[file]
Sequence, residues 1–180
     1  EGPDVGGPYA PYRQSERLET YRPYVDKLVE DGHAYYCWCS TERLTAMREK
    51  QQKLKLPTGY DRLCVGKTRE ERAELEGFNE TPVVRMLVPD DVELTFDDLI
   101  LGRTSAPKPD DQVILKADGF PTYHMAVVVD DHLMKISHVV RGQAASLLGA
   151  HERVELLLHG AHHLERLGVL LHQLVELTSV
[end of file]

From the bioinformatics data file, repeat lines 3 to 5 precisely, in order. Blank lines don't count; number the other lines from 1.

    51  QQKLKLPTGY DRLCVGKTRE ERAELEGFNE TPVVRMLVPD DVELTFDDLI
   101  LGRTSAPKPD DQVILKADGF PTYHMAVVVD DHLMKISHVV RGQAASLLGA
   151  HERVELLLHG AHHLERLGVL LHQLVELTSV